Ground-breaking documentary about videopoetry now at Vimeo On Demand

At long last, the documentary Versogramas or Verses&Frames by Galician director Belén Montero—a unique, multicultural look at contemporary videopoetry through the eyes of 14 filmmakers—is available to watch on the web:

We have great news to share with you: Verses&Frames is now available at Vimeo On Demand. Watch it here!

Now you can enjoy the documentary at home, at any time, for a really low price. Moreover, we have released all the different linguistic versions of Verses&Frames, so you can choose five screening possibilities: original version in Galician with Galician subtitles, Spanish version with Spanish subtitles, English version with English subtitles, reduced Spanish and reduced English versions.

This is how it works: For 3€ you can “rent” the screening of the version you choose. It will be available for 24 hours so you can watch the documentary as many times as you want. You can reproduce it on iOS, Android, Apple TV, Roku and Chromecast.

One of our main objectives when producing Verses&Frames has always been to contribute to the knowledge, research, enjoyment and diffusion of videopoetry. As well as the screenings conducted at festivals, museums and television, we believe that this is a good way to deliver the content of the documentary directly to the public, and to share with you all the emotions that videopoetry arises.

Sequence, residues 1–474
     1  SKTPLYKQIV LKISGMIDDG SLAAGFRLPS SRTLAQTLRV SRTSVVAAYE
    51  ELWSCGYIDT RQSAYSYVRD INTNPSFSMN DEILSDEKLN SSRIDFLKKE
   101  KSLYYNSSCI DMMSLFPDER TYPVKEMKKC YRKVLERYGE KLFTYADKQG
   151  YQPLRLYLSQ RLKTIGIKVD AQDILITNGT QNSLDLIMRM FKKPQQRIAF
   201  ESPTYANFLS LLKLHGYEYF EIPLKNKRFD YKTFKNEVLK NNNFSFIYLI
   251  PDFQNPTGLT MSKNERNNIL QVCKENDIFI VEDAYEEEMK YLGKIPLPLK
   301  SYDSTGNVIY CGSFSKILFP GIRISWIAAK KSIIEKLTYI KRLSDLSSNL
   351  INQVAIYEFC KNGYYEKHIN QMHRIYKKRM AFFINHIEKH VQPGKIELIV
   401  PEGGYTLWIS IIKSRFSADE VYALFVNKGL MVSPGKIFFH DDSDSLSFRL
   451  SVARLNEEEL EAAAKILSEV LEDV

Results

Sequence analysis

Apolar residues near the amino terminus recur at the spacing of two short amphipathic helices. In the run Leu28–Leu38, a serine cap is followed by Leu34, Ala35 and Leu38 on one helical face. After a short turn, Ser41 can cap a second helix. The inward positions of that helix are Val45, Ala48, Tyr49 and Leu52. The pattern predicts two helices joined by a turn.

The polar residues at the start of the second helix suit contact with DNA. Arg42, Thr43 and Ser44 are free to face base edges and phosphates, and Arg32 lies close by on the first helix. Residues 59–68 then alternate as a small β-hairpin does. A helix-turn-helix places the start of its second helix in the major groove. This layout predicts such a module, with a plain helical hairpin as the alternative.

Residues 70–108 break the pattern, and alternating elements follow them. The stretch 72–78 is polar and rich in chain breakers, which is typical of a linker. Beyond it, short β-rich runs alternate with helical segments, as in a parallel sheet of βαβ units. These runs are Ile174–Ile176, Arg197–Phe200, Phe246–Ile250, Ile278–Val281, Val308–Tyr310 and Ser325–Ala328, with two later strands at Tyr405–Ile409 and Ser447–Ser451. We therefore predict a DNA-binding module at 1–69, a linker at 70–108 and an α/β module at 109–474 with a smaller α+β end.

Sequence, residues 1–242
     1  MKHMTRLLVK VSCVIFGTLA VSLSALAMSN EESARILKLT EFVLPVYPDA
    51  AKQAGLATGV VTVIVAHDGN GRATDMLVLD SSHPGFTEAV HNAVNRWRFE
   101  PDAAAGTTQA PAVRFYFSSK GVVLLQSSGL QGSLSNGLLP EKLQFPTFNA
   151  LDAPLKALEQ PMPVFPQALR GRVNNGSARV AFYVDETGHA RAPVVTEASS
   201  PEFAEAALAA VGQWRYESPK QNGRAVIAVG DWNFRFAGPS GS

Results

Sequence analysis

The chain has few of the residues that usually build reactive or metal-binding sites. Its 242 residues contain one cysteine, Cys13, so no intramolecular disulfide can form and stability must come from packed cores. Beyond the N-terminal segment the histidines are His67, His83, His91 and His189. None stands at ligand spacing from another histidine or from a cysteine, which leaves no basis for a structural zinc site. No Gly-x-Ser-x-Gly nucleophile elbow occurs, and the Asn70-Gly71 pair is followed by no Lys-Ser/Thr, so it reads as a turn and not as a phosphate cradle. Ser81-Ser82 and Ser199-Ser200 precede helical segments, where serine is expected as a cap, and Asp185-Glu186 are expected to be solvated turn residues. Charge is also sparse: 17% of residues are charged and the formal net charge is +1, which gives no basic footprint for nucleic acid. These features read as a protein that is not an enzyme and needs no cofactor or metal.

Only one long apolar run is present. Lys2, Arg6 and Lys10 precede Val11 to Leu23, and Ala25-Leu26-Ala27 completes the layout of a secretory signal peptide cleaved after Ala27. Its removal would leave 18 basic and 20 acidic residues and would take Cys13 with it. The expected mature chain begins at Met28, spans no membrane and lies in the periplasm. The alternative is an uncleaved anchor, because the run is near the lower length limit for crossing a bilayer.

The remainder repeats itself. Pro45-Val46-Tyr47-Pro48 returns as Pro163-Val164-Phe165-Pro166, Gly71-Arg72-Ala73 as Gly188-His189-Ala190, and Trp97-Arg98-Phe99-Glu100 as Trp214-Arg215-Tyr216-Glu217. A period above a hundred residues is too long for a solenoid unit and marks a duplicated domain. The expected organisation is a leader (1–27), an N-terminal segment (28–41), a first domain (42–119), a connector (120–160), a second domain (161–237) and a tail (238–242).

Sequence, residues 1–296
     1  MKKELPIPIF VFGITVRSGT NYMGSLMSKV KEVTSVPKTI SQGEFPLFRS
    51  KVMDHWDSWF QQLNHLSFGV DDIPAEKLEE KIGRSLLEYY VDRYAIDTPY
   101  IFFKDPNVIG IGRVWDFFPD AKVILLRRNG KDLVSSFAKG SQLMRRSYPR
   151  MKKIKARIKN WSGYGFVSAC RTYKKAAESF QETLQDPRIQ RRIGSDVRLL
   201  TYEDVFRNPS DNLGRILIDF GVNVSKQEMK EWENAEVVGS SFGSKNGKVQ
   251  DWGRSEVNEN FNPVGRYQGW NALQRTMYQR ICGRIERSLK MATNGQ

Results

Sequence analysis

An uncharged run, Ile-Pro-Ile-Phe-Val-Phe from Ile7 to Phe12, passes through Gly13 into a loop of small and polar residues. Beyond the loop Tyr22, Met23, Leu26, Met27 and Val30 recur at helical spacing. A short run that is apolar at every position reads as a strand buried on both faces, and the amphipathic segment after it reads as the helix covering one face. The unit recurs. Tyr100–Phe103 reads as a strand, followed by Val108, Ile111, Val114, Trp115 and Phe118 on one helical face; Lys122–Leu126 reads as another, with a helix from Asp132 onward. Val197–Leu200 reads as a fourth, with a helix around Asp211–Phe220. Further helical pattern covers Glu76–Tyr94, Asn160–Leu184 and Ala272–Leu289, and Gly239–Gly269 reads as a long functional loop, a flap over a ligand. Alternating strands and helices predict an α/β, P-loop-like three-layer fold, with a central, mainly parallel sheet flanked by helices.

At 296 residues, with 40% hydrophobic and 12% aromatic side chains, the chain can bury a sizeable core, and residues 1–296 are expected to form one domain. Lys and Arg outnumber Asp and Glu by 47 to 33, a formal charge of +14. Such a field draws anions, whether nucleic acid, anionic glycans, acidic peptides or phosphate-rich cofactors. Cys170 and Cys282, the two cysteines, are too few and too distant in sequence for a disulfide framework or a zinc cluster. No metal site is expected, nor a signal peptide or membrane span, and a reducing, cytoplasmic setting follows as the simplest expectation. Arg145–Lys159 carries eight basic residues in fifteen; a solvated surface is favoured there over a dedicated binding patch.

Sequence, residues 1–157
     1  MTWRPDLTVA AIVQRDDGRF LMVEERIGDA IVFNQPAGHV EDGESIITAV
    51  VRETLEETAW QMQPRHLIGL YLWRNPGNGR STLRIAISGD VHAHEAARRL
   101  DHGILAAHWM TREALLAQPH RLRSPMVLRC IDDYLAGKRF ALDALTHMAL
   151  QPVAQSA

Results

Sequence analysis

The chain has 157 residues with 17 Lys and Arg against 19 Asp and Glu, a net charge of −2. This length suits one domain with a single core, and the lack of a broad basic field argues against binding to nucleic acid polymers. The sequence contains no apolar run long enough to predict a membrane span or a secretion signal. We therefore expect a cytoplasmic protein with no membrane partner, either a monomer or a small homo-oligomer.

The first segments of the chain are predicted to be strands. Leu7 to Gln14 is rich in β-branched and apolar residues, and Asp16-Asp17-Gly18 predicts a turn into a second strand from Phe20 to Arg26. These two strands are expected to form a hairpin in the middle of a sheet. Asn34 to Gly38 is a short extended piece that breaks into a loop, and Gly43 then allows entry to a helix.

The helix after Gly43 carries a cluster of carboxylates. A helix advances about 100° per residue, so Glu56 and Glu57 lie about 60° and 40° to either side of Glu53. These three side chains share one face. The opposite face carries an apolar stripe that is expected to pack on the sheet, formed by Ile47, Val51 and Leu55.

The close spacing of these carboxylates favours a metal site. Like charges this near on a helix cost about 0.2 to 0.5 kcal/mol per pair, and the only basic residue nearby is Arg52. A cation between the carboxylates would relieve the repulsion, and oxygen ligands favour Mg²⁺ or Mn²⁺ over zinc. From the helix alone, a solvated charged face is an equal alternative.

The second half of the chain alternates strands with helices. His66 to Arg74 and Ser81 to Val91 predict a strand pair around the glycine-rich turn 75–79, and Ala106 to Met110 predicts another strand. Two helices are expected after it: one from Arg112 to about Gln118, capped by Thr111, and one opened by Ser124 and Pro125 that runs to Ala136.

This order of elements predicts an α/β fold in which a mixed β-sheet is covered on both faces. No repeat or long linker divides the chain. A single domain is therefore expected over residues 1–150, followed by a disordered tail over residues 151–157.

So, just a click away: Verses&Frames On Demand.

That rental price in US dollars is just $3.32. The Vimeo description doesn’t include links to the videopoets interviewed in the film, but you can find that on the project’s website (also available in three languages). I wrote a somewhat critical but generally positive review of Versogramas for Poetryfilm Magazine in 2018. I wrote, in part, that

The interviews are creatively shot and well edited, and the interviewees all come across as fascinating people with uniquely unconventional approaches to making poetry and art. There wasn’t one of them whom I didn’t want to immediately track down on the web and watch every one of their videos, and I was pleased by how many of them were new to me, either because their work had never been translated into English, or because they just hadn’t happened to have crossed my radar.

This is testimony to the sheer breadth of the international videopoetry community, I think. It’s impressive that the producers can focus on just one part of the world—Spain, especially the Galician region—add a handful of filmmakers and videopoets from outside that region, and still end up with a highly varied, complete-feeling snapshot of the state of videopoetry in the 21st century.

So go check it out! I know I for one will definitely be watching it again.

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